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Promontory medallion

A new medallion commemorates the Nevada State Railroad Museum’s Coach 17, the only rail car still in existence that was at Promontory Summit on May 10, 1869 for the completion of the nation’s first Transcontinental Railroad. 

CARSON CITY – Carson City’s two state museums – the Nevada State Museum and Nevada State Railroad Museum – are collaborating on a project that highlights 150-year-old artifacts in both museums’ collections.

On May 18, the Nevada State Museum will fire up its 150-year-old Coin Press No. 1 for the first public minting of a medallion that commemorates the Nevada State Railroad Museum’s Coach 17 – the only rail car still in existence that was present at the completion of the nation’s first transcontinental railroad at Promontory Summit in Utah.

The medallion minting, which starts at noon, is another in a series of “Mint150” programs taking place at the Nevada State Museum as it celebrates the 150th anniversary of the U.S. Branch Mint in Carson City. Coin Press No. 1 was the first coin press in the Carson City Mint and it produced millions in gold and silver coins in its heyday.

The 30 mm, .999 fine silver medallion features an image of Coach 17 with the words “Promontory Car, Transcontinental Railroad, 1869-2019 and an image of a railroad spike. The event at Promontory in 1869 featured the ceremonial driving of golden and silver spikes to mark the joining of the Central and Union Pacific railroad lines.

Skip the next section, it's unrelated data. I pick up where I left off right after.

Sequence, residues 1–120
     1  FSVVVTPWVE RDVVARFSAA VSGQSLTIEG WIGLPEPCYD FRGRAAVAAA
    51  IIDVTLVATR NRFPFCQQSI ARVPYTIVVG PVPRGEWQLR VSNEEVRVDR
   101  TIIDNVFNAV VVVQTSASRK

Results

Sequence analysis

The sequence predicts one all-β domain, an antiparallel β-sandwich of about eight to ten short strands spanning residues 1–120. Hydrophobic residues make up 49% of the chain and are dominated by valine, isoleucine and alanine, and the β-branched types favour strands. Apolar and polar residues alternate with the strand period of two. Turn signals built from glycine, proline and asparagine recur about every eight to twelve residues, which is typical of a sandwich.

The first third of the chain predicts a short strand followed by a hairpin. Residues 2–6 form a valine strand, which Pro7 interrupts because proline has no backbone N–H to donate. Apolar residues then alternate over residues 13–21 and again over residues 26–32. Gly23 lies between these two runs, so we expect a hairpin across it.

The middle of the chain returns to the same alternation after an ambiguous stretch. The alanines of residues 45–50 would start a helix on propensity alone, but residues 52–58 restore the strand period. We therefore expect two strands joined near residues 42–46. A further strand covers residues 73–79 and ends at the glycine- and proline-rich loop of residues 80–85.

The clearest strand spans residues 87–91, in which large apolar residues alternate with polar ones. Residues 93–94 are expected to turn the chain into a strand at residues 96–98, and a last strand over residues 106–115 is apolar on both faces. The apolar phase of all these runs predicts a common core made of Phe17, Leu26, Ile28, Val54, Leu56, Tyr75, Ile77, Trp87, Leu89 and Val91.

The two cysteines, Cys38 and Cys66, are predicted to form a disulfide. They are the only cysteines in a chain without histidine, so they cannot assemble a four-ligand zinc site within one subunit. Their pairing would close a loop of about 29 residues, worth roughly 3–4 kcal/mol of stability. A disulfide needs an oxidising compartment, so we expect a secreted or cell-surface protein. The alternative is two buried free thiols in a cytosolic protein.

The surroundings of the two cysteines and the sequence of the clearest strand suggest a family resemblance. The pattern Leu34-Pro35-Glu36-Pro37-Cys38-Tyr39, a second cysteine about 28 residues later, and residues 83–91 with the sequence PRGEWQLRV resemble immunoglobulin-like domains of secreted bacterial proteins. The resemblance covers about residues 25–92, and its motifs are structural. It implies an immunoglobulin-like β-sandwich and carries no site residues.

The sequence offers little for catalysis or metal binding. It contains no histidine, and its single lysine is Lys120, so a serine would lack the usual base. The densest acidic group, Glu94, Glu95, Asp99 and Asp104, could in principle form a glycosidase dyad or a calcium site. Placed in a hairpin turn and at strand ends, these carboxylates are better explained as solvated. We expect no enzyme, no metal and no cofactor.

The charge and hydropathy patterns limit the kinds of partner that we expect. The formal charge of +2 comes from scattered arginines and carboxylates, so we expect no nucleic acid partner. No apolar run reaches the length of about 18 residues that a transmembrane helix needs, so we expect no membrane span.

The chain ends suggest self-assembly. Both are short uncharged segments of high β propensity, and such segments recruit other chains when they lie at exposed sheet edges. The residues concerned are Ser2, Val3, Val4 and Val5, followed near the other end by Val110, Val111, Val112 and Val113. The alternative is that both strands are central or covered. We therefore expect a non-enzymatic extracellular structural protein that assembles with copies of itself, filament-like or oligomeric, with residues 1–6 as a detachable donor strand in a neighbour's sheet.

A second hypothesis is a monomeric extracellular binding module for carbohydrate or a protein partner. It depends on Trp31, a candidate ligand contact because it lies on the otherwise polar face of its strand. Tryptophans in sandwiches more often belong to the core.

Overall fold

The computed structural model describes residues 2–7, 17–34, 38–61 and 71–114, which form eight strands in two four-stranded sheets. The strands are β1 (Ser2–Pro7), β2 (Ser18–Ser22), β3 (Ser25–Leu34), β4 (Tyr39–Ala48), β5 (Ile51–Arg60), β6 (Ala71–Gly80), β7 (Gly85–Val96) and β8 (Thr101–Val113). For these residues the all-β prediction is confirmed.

The day’s program also includes a special tour of the Mint Building, where participants can learn where various mint functions actually took place, including a behind-the-scenes look at a few of the building’s nooks and crannies usually off limits to the public. A pair of hour-long tours are planned, one at 10 a.m. and another at 1:30 p.m.

At 11 a.m., a Chautauqua presentation will feature Cindy Southerland as she takes on the persona of Annie H. Martin.

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In 1908, Martin went to work for the U.S. Federal Assay Office in Carson City (formerly the U.S. Mint and now the Nevada State Museum). She quickly rose through the ranks and was appointed by President Warren G. Harding as the Superintendent in 1921. She was the first woman in the United States to be appointed as a superintendent of a United States Assay Office.

After the Nevada State Museum events, visitors can head to the Nevada State Railroad Museum where Coach 17 is the centerpiece of the new exhibit “The Transcontinental Railroad: What a Difference It Made.”

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